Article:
The government has signalled an overhaul of its controversial medical tests to decide whether the seriously ill and disabled can claim long-term sickness benefits after an independent review found they were “impersonal, mechanistic and lacked empathy”, leaving many claimants feeling unjustly treated and distressed.
The review, conducted by the academic Malcolm Harrington, an occupational health specialist, looked at whether the ‘working capability assessment’ was a fair system amid mounting evidence that people with serious illnesses are being judged fit for work when they are not. The tests, first introduced in October 2008, have been expanded to the extent that 53,000 people are assessed a month for ’employment and support allowance’ – which pays £65 a week. This group will be joined next April by another 41,000 incapacity benefit recipients every month.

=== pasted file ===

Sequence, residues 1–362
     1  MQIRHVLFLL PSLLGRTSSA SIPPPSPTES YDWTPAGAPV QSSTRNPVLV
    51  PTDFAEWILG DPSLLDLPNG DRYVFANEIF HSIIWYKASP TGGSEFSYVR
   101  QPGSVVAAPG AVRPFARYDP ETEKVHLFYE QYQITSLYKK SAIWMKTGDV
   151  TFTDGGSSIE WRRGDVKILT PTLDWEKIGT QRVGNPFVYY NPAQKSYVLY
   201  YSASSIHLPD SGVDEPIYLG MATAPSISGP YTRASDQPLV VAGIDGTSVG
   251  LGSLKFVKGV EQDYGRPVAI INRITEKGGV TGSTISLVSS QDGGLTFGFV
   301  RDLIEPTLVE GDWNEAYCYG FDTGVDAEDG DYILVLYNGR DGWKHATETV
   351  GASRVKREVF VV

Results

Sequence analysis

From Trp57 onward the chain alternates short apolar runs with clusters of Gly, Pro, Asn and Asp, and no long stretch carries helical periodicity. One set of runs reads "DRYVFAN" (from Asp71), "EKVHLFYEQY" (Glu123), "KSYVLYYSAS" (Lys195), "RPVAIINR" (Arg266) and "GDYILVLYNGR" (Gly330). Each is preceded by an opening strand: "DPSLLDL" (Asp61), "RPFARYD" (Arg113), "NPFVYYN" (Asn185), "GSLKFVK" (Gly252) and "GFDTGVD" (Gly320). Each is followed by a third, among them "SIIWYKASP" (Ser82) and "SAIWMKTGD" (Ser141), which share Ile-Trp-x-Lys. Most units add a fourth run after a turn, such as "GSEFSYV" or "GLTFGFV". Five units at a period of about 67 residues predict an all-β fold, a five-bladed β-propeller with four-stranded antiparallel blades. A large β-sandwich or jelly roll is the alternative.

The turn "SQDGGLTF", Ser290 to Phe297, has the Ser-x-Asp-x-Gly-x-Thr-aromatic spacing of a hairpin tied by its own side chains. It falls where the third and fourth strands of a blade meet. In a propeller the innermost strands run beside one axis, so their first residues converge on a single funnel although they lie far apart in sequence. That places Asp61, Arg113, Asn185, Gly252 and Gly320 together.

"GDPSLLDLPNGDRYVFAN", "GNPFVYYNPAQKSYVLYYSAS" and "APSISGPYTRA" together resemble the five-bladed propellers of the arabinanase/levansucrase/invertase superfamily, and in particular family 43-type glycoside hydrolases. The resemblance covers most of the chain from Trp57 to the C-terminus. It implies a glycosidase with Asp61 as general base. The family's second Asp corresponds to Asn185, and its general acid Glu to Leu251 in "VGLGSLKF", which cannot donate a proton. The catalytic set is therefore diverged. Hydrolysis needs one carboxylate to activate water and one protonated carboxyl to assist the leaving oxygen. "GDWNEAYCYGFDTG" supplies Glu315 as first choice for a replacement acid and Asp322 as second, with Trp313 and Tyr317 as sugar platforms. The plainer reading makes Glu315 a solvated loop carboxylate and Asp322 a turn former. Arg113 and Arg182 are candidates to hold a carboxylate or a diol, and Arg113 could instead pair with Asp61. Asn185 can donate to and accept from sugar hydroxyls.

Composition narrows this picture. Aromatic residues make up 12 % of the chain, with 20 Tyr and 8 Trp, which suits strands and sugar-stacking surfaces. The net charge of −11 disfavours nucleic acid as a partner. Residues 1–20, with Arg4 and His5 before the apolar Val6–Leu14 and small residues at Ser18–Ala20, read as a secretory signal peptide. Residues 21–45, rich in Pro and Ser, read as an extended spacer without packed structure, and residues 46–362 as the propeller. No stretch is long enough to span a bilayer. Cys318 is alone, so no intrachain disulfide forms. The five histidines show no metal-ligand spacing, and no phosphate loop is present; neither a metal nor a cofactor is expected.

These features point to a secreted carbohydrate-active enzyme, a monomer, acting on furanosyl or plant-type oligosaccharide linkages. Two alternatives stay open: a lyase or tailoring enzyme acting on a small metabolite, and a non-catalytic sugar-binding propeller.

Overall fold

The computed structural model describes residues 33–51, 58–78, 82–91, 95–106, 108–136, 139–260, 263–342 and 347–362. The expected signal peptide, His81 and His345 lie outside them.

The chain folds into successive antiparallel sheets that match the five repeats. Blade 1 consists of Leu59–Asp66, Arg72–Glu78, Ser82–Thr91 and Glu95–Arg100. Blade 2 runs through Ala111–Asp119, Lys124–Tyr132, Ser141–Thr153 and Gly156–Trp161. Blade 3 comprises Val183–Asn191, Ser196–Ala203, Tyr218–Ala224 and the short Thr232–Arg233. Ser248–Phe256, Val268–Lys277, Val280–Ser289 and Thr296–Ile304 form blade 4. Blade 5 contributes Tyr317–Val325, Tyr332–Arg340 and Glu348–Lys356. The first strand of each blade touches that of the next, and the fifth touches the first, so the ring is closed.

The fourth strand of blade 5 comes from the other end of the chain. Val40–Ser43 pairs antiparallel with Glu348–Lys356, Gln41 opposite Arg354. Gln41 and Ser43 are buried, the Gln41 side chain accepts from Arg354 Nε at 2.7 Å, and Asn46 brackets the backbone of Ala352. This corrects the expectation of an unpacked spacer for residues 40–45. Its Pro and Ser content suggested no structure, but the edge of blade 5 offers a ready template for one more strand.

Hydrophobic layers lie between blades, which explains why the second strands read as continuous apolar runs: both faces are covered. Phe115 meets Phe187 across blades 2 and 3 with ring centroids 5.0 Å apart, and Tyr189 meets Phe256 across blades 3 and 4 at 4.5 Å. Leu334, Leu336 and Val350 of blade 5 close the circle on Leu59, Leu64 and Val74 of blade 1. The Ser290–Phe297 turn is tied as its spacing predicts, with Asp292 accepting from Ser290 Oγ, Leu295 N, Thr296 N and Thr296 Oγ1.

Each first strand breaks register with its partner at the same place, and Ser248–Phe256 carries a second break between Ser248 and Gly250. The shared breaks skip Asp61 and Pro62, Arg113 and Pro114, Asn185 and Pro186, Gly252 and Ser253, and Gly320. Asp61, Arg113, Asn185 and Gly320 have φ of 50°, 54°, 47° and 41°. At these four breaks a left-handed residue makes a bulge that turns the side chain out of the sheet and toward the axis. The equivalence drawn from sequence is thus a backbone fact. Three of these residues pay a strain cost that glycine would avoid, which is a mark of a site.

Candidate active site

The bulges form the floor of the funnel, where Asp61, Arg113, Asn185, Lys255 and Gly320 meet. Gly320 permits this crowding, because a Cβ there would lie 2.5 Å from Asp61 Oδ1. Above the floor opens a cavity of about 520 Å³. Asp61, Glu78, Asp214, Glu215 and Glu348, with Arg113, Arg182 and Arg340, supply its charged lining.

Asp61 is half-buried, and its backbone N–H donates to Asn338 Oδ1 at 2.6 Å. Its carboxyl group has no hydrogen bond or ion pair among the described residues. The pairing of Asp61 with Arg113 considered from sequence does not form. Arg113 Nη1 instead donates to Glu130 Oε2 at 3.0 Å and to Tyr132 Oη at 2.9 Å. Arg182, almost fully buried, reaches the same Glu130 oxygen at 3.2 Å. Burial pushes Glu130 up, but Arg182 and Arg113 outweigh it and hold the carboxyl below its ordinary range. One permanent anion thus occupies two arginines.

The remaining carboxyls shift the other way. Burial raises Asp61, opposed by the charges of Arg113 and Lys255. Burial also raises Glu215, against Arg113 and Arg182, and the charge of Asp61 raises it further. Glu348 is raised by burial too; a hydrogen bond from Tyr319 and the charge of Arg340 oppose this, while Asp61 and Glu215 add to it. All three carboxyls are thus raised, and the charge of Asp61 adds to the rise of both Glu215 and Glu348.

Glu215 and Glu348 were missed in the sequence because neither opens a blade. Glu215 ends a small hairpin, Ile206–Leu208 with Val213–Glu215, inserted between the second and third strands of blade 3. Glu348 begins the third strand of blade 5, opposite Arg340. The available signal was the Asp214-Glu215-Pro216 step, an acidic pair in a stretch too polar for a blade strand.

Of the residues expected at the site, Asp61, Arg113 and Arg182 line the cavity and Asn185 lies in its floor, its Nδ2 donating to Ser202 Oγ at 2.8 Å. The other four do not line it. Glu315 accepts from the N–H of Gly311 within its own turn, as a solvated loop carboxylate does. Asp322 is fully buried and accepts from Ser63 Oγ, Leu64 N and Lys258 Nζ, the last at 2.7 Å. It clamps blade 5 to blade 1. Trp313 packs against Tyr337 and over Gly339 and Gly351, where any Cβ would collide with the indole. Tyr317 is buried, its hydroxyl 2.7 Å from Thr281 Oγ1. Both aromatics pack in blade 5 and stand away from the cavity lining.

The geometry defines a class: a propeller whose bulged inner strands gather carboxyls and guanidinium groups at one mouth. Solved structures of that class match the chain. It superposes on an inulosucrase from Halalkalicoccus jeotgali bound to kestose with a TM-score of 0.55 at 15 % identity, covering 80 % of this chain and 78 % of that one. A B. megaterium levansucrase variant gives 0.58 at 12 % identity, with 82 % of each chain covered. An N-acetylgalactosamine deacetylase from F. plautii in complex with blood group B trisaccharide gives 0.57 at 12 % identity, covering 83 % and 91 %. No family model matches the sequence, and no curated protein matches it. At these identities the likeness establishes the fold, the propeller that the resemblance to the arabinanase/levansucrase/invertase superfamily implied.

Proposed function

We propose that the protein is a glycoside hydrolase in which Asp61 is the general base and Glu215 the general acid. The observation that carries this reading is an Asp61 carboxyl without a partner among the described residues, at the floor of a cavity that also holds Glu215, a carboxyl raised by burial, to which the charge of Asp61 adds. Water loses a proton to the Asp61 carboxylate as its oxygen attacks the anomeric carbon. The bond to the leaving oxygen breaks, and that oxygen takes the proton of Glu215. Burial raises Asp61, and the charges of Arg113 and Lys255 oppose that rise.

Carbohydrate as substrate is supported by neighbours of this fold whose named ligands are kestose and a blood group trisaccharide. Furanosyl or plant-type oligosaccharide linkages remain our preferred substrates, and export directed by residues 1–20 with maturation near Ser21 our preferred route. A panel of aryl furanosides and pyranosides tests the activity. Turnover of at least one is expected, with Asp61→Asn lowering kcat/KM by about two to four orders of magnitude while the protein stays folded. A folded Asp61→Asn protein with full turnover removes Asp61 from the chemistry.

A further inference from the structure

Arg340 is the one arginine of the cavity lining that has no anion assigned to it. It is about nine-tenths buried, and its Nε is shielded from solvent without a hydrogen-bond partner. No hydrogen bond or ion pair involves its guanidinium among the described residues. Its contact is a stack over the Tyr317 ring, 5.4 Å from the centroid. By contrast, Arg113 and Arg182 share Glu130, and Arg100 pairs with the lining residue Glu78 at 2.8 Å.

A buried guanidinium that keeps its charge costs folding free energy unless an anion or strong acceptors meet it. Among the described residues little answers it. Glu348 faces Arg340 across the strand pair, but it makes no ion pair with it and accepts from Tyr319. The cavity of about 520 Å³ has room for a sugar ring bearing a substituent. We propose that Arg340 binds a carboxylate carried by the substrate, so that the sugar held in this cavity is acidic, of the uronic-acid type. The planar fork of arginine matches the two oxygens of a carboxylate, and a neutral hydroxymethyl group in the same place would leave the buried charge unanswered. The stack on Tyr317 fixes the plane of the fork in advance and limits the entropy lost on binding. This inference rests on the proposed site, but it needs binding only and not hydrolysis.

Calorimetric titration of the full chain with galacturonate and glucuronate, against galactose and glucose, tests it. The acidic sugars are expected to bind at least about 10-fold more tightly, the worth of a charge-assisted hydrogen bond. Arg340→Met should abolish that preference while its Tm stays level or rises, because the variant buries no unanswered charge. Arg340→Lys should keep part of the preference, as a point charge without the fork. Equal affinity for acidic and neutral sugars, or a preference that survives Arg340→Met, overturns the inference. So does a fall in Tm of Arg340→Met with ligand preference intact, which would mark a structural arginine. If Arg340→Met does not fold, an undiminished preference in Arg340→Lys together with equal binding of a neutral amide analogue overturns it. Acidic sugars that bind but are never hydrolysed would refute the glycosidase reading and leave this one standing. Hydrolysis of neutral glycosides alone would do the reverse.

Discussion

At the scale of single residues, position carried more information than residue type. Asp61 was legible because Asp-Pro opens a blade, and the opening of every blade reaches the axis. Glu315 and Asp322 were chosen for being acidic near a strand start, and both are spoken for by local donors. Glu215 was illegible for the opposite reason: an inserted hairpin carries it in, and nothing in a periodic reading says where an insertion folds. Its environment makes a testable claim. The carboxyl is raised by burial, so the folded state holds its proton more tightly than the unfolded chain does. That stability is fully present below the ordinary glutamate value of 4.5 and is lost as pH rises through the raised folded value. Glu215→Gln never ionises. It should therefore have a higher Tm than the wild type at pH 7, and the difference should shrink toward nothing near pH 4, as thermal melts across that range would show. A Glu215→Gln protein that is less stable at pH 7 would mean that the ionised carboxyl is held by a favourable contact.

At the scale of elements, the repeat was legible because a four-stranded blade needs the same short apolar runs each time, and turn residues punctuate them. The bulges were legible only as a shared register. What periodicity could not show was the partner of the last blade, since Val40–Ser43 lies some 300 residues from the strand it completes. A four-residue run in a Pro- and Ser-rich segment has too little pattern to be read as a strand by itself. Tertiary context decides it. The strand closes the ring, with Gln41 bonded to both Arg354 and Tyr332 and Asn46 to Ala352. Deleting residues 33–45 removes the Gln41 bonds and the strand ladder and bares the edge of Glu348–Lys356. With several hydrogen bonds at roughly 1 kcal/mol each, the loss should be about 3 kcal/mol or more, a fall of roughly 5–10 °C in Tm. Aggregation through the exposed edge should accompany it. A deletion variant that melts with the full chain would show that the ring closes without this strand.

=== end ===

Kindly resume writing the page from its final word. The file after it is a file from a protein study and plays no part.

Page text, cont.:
Harrington found that the assessments, run by a French multinational, Atos Origin, which received £54m from the coalition government for the contract, failed people with mental illnesses and long-term disabilities…. Click for full story